Turbidity strongly correlated with TSS and ISS
Evaluations of water quality variables in aquaculture pond effluents suggest that total suspended solids (TSS) concentration is the variable in aquaculture effluents most likely to exceed normally allowable limits for pollutants. Suspended solids in ponds consist primarily of living plankton, organic detritus, and suspended mineral particles. However, there is little data on the relative proportions of organic and inorganic particles suspended in pond water. Organic particles have a much greater pollution potential than mineral particles because they contribute to oxygen demand.
TSS concentration is time-consuming to measure, but turbidity has been used to estimate TSS concentrations in some types of effluents. A study by the authors supported by funds from the Southern Regional Aquaculture Center in Stoneville, Mississippi, USA, measured the concentrations of total, organic, and inorganic suspended solids in channel catfish ponds to determine if suspended solids concentrations could be estimated reliably from turbidity determinations.
Water samples were collected from channel catfish ponds at the Auburn University Fisheries Research Unit in Auburn, Alabama, USA, and commercial catfish ponds in west-central Alabama during 2001. All ponds were stocked at 10,000 to 15,000 fish per hectare. Pelleted fish feed was provided daily and management was typical of that generally applied on catfish farms in Alabama.
Samples were dipped from pond surfaces and placed in 1-liter plastic bottles. Samples from the Fisheries Research Unit were transported to the laboratory and analyses were initiated within two hours after collection. Samples dipped from the commercial ponds were placed on ice and transported to Auburn University, where analyses were initiated within six hours after collection.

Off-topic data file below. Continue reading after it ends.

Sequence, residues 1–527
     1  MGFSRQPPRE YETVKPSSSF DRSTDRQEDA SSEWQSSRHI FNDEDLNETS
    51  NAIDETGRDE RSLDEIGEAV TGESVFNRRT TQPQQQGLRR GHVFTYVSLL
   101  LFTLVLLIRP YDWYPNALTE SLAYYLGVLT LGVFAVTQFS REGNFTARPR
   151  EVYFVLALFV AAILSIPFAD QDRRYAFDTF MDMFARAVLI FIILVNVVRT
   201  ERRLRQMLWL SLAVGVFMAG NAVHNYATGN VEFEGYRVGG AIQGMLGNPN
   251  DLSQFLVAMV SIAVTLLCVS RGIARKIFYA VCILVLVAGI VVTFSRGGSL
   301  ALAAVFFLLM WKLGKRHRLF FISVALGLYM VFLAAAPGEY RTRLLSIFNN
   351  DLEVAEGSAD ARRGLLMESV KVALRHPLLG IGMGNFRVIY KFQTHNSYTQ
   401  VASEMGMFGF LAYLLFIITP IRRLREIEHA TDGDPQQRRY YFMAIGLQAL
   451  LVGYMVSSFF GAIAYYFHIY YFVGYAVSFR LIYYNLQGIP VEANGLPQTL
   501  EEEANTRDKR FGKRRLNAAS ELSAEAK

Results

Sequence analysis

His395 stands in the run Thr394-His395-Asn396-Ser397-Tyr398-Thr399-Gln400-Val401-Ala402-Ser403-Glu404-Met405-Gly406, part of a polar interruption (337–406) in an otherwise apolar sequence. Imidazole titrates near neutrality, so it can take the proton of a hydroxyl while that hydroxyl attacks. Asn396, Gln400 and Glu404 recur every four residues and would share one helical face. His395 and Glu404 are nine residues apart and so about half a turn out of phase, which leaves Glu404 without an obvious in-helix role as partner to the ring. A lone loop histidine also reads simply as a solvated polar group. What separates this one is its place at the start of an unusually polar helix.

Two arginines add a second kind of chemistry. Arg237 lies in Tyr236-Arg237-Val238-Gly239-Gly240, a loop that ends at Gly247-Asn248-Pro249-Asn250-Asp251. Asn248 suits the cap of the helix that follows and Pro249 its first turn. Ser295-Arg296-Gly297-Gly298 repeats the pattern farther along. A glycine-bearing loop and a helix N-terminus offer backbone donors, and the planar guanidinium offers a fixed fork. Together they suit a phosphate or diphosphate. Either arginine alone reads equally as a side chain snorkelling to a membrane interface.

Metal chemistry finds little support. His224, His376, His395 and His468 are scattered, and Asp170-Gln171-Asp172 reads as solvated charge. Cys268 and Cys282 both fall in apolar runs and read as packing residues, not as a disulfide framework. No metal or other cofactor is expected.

Analyses for total suspended solids involved determining the weight of residue retained on a glass fiber filter. Particulate organic matter (POM) was estimated as the weight loss of the residue on the filters remaining from the TSS analysis following incineration for two hours in a muffle furnace. Inorganic suspended solids (ISS) concentration was calculated by subtracting particulate organic matter values from total suspended solids.
Turbidity was measured by nephelometry and reported in nephelometer turbidity units (NTU). The analyses followed a protocol suggested by Clesceri et al. (1998). Means and standard errors were calculated for each variable for the samples obtained during spring, summer, and fall seasons. Regression analyses among the variables were conducted and graphed.
Total suspended solids
Concentrations of TSS ranged 2 to 380 milligrams per liter, with an average and standard deviation of 62 57 milligrams per liter (Fig. 1). The limit for TSS in effluent permits often is about 50 milligrams per liter, and 46 percent of the samples exceeded this concentration. This confirmed the opinions of Schwartz and Boyd (1994b) and Boyd et al. (2000) that TSS concentration is likely to be the key variable in aquaculture pond effluent regulations.
Particulate organic matter
Values for POM ranged 0 to 97 milligrams per liter. Average values and standard deviation were 28 17 milligrams per liter (Fig. 2). Most POM concentrations were below 40 milligrams per liter, and this variable comprised on average 43.5 percent of the TSS. Thus, ISS accounted for a little over half of the TSS.